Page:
Q Why do property transactions still take so long to complete?
A Actually, the good news is that this year transaction times have started to come down again from the level they reached during the years immediately following the property crash. However, as always, national average figures hide a fair amount of regional variation.
Nevertheless, it may still seem odd that in these days of the internet, transactions are still taking something in the region of eight to nine weeks to complete – particularly since, once a sale has been put in hand, you would have thought it would be in everyone’s interests to progress things as quickly as possible, while all parties are focused on the outcome. Basically, the longer things take, the greater the danger of something going wrong, or someone just changing their mind. And speaking as an estate agent, there is nothing more frustrating than watching while a sale that you have worked hard to put together just drags on and on – or worst of all, collapses altogether. And that, I suppose, is the nub of the issue because as a general rule, most of the delays afflicting property transactions happen once a sale has actually been agreed.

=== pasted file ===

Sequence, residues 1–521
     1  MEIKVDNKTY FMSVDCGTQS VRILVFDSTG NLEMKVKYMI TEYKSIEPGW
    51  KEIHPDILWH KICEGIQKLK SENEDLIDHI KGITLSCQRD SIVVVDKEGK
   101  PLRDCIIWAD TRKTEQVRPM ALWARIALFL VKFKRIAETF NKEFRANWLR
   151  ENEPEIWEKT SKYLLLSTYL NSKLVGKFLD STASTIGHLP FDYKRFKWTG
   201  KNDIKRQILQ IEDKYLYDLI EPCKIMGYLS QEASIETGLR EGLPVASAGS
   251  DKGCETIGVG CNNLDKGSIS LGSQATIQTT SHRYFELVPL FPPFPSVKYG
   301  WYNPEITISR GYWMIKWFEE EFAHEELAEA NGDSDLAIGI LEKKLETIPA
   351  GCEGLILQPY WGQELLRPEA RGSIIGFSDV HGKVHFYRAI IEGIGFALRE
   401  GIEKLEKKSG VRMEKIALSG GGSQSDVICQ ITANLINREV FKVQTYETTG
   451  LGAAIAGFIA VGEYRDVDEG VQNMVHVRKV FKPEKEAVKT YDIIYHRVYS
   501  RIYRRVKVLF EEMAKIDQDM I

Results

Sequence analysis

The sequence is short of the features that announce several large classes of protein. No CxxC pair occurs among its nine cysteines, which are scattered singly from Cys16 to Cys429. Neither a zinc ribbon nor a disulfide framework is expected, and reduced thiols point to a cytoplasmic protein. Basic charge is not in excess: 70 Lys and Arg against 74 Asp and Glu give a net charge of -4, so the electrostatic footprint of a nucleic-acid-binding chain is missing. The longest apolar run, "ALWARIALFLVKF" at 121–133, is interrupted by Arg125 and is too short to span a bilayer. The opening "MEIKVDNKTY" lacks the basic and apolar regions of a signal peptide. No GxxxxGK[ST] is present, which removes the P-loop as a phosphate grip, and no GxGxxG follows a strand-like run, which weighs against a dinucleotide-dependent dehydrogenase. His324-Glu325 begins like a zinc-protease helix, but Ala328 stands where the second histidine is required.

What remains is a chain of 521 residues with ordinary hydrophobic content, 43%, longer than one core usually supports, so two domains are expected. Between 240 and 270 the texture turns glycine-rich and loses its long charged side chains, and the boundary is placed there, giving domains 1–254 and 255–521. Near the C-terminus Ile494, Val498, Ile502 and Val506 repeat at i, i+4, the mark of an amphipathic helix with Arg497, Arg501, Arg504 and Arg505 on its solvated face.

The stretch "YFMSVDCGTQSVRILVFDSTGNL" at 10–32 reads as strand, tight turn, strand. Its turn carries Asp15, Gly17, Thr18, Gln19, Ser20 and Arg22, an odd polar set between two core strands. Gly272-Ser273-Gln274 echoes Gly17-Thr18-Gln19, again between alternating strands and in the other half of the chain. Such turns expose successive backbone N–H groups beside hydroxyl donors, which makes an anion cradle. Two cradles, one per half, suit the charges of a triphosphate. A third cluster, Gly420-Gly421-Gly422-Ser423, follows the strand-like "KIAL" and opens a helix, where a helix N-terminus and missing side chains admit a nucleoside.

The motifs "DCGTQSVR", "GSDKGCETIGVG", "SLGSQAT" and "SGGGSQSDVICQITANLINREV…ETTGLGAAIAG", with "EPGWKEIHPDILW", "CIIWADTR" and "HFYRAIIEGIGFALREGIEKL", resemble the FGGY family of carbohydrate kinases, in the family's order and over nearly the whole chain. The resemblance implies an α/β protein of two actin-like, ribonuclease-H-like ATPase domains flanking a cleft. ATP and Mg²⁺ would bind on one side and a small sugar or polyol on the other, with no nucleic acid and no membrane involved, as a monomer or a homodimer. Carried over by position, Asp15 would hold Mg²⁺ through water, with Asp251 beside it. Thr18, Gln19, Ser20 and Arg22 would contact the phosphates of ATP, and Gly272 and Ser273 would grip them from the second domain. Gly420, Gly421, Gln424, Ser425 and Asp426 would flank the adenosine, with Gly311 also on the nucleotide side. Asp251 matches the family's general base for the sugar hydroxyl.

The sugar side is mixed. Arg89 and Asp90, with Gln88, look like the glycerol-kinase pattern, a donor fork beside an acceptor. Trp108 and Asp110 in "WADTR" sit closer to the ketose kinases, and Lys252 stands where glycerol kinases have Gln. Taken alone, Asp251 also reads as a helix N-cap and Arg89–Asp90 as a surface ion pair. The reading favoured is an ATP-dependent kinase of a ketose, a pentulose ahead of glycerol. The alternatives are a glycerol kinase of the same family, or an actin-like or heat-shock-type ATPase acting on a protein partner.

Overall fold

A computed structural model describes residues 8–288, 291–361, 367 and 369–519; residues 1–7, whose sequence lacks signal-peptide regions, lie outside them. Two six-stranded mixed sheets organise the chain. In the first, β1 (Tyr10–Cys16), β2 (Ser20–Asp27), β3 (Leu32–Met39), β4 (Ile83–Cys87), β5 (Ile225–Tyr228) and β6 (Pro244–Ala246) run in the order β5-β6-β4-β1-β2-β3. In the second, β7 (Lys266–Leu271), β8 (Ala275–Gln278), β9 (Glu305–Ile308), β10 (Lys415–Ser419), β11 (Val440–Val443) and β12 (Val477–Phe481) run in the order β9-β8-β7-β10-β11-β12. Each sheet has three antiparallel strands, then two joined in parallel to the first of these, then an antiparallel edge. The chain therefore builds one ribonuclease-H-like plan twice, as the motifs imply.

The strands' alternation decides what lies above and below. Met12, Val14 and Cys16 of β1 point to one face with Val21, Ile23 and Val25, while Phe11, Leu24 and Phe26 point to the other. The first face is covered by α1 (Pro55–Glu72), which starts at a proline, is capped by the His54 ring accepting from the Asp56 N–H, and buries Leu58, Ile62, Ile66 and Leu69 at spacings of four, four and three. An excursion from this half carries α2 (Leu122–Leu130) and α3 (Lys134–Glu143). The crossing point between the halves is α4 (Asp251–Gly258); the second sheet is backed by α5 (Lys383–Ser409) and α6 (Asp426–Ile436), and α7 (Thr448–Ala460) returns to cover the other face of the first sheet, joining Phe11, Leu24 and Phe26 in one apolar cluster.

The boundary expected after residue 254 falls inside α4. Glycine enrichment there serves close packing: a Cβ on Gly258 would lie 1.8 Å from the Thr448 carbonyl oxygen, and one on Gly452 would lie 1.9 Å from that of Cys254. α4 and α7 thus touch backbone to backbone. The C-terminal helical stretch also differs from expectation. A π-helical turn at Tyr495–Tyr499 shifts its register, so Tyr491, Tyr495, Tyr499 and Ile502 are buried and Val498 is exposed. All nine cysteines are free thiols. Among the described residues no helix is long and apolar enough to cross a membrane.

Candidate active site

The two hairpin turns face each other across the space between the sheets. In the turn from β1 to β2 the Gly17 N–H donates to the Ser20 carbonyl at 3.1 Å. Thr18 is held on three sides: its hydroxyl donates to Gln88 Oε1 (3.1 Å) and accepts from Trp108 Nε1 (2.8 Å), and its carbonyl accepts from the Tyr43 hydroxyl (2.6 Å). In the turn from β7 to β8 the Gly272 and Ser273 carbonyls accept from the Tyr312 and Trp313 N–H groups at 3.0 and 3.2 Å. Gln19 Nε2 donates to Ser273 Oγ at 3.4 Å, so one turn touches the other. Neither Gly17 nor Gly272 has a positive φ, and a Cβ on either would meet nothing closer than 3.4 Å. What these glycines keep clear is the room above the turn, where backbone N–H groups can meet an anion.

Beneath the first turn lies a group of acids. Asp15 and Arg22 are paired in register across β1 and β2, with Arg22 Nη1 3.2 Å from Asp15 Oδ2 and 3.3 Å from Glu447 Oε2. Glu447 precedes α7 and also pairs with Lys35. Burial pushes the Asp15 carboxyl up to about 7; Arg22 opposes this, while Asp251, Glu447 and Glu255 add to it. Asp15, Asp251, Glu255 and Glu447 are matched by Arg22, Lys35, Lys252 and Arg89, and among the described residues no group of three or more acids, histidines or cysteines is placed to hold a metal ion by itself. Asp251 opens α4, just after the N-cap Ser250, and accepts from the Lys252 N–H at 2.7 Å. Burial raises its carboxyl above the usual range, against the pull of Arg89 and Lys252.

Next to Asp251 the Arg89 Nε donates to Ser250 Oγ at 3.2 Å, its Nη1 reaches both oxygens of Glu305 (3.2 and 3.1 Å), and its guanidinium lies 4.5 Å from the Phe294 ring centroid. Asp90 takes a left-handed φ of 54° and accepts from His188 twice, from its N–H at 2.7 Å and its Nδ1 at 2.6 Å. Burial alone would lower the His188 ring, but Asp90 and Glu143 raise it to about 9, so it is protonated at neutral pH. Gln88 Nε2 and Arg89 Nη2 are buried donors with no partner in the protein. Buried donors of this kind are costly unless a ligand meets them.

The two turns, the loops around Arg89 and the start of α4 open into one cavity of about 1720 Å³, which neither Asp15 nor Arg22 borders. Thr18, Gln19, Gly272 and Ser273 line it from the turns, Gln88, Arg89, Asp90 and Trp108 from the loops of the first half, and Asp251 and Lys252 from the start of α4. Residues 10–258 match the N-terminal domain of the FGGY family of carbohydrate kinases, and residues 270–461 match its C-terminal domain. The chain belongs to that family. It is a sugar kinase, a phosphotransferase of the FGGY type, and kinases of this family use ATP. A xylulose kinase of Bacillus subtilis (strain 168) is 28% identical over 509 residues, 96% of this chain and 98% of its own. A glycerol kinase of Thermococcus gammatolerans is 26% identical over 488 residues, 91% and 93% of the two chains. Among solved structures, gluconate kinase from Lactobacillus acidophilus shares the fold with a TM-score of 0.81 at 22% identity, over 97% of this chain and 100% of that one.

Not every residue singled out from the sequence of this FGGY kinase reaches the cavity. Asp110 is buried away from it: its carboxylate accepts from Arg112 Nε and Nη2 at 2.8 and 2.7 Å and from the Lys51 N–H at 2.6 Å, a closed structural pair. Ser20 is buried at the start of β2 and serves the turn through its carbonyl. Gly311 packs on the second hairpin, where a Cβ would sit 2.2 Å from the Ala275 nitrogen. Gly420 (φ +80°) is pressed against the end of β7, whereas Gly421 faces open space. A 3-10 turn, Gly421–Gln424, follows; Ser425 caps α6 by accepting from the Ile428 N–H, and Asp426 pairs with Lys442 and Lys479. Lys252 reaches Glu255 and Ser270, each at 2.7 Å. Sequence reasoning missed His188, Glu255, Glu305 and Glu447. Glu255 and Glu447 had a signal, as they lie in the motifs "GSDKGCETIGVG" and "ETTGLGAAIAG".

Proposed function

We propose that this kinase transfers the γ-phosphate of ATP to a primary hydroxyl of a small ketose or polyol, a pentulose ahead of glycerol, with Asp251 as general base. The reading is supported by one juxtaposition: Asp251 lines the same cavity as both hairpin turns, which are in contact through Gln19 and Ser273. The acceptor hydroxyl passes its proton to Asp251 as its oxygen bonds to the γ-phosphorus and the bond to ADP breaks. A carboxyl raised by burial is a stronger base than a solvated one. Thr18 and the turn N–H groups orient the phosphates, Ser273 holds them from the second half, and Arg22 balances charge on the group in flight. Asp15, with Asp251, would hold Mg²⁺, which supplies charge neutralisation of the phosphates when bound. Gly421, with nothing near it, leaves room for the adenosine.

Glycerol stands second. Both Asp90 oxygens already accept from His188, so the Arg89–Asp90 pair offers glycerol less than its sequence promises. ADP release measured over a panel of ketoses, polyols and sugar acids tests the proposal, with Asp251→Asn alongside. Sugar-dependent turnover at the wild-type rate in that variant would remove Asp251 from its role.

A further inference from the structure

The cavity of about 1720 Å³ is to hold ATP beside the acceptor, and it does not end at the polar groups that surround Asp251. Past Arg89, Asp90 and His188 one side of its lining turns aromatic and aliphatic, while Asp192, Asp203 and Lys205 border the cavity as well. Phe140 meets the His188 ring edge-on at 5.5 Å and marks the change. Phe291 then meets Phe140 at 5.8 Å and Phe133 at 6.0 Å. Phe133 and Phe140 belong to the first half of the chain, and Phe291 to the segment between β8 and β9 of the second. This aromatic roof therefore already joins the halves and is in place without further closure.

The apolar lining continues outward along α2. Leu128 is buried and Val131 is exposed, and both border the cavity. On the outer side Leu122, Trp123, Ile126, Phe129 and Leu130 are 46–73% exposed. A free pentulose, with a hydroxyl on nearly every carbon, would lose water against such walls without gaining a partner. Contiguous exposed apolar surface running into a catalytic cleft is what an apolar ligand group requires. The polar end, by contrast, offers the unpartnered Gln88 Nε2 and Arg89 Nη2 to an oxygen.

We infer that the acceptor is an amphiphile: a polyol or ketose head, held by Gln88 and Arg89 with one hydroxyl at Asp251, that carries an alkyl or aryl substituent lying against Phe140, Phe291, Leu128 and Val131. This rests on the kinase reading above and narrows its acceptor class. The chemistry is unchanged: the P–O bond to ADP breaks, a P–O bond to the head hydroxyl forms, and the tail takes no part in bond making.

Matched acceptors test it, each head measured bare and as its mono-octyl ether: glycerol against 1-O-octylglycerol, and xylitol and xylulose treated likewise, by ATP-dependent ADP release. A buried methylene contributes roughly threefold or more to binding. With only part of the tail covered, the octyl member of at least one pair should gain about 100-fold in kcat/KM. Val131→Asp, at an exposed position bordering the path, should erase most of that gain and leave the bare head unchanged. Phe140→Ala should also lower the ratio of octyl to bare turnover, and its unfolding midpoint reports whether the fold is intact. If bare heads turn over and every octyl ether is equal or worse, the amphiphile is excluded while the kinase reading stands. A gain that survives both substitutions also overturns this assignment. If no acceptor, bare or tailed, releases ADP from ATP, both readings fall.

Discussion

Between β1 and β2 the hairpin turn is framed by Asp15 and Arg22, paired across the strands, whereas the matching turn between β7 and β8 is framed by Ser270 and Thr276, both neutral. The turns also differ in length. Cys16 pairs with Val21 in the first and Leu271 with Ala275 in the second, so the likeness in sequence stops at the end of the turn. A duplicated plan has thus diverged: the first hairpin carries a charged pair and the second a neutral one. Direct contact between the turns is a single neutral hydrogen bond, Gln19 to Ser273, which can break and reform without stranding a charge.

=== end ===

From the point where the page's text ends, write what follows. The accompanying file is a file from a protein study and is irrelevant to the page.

As usual, it’s a combination of things – although they tend to have their roots in the aftermath of the property crash. So, for example, there are actually fewer practising conveyancers around these days. Moreover, those conveyancers that remain are often so concerned about the risk of litigation that issues which a few years ago would have been more or less waved through are now being gone through with the very finest of tooth combs.
The relative shortage of surveyors means it can now take significantly longer for a lender to arrange a valuation. Add to that the extreme cautiousness towards lending brought about in the wake of the Mortgage Market Review, and the net result is that it can now take several weeks to get a mortgage offer. Some local authority searches are taking longer because of cutbacks with fewer staff struggling with more searches now the market is recovering. These potential delays can be short-circuited by instructing your solicitor to apply well in advance. This may mean paying up front, but a few hundred pounds invested early could save thousands in wasted fees if the transaction would otherwise fail or be delayed – not to mention the stress and potential heartache.